But, he was careful to note, Gallego’s analytical approach didn’t stop her from connecting with people in the community. Gallego was highly engaged with the refugee community in her district, as well as the Somali Association of Arizona, he explained. “That was not the thing that somebody like me, as a political adviser, should be advising her to spend her time on,” the staffer said. “But it’s absolutely what she spent her time on.”
According to another former Phoenix City Council staffer, who asked to remain anonymous in order to speak candidly about the race, Gallego’s command of issues exceeded not only her fellow Council members, but also most of the staff in City Hall. Behind closed doors, Gallego asked thoughtful, tough questions, he said.
“She is exceptionally smart,” the former staffer said. “We have these big packets every week for the council meetings that, you know, can range from 200 to 450 pages long, depending on the meeting. She read every one of them,” he said, laughing as if in disbelief.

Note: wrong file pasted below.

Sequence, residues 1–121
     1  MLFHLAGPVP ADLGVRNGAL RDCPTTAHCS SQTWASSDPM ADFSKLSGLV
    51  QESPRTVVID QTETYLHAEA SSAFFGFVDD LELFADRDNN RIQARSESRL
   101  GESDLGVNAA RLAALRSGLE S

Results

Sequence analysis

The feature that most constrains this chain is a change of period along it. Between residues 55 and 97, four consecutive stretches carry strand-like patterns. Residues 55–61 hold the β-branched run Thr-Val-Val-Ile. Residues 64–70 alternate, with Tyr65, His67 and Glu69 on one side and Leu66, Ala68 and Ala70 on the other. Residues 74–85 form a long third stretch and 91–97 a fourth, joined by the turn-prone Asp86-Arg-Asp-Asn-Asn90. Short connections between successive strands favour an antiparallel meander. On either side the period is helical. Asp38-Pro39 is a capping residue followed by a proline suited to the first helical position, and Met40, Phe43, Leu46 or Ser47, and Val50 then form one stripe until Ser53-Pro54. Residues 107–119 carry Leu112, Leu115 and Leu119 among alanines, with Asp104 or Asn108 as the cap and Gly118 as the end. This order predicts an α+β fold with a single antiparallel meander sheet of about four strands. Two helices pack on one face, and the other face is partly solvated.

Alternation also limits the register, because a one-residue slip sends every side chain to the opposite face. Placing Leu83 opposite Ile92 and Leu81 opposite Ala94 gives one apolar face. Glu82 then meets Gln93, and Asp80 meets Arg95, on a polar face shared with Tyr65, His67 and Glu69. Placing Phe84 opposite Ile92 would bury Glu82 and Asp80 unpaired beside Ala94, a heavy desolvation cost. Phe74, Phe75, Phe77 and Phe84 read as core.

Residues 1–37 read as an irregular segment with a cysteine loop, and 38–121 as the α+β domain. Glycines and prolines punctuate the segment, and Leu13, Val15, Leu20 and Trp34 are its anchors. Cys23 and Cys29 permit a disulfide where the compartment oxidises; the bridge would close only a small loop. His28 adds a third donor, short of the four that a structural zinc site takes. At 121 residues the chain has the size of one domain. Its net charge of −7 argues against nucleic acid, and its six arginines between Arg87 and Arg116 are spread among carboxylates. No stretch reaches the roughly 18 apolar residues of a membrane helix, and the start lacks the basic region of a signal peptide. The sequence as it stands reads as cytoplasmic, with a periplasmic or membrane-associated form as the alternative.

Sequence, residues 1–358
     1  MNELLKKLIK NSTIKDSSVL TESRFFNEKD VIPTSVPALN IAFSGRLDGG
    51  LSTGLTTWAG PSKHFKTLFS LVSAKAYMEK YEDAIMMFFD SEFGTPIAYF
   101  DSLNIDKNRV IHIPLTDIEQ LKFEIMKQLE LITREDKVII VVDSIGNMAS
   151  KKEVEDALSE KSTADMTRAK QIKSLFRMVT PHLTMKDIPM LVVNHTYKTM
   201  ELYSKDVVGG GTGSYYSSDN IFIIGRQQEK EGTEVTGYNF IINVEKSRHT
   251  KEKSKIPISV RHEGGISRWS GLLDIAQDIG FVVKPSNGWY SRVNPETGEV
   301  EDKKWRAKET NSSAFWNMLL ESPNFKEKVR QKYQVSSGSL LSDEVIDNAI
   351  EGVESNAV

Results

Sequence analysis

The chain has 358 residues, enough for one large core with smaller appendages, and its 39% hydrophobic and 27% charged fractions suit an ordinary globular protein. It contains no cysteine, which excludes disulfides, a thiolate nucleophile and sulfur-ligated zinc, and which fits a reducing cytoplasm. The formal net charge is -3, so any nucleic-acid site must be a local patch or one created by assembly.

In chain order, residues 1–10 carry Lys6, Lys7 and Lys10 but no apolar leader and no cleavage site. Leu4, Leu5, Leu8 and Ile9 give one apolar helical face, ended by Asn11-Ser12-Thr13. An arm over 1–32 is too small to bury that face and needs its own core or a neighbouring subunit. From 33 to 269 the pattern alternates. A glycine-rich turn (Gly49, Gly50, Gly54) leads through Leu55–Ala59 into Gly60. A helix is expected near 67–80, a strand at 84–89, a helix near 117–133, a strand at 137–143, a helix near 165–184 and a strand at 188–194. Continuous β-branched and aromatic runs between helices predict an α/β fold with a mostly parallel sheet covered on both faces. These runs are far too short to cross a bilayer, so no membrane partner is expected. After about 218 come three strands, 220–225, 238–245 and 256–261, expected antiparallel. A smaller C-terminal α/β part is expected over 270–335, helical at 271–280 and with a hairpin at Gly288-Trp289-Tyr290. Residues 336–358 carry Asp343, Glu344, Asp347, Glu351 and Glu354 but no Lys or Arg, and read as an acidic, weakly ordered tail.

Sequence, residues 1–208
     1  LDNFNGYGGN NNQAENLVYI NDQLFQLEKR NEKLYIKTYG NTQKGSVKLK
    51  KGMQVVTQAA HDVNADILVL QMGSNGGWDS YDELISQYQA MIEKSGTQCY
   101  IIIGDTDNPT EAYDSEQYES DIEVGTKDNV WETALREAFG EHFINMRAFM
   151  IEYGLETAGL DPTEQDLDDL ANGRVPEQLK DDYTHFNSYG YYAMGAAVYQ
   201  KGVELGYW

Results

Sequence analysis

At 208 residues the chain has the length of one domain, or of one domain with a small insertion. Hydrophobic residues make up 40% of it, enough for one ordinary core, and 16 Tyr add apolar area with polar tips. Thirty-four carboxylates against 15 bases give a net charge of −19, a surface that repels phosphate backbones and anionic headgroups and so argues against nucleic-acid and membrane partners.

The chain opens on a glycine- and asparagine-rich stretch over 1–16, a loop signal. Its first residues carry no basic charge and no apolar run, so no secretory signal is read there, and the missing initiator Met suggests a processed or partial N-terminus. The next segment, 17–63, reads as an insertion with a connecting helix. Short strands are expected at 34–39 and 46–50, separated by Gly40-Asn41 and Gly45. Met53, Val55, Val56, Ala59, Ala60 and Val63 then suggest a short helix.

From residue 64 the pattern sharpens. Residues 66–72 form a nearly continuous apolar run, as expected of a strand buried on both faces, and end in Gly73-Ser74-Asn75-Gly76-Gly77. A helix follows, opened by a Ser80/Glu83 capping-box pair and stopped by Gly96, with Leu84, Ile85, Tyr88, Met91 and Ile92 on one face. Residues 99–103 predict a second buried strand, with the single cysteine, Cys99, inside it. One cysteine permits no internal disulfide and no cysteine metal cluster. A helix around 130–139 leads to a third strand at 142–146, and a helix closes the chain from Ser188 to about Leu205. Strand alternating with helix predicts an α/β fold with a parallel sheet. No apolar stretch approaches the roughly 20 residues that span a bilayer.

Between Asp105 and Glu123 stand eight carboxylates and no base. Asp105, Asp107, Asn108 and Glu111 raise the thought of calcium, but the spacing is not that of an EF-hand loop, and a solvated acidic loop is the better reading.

Supporters cheer on Kate Gallego at a get-out-the-vote rally on March 7 in downtown Phoenix.
The final days of the mayoral runoff turned nasty as two young, ambitious candidates from the Democratic Party sought to elbow past one another in an ostensibly nonpartisan city election.
The runoff election pitted Gallego against Valenzuela, a firefighter in Glendale who was first elected to the Phoenix City Council in 2011. During the first mayoral vote in November, no candidate secured the majority needed to avoid a runoff. Before the March election, Valenzuela adopted a team of advisers who previously had worked for the late Senator John McCain. He and his allies hammered messages geared toward Phoenix’s more conservative voters.
Valenzuela repeatedly stated his commitment to public safety, and said the city had hamstrung its police and fire departments by not hiring more personnel.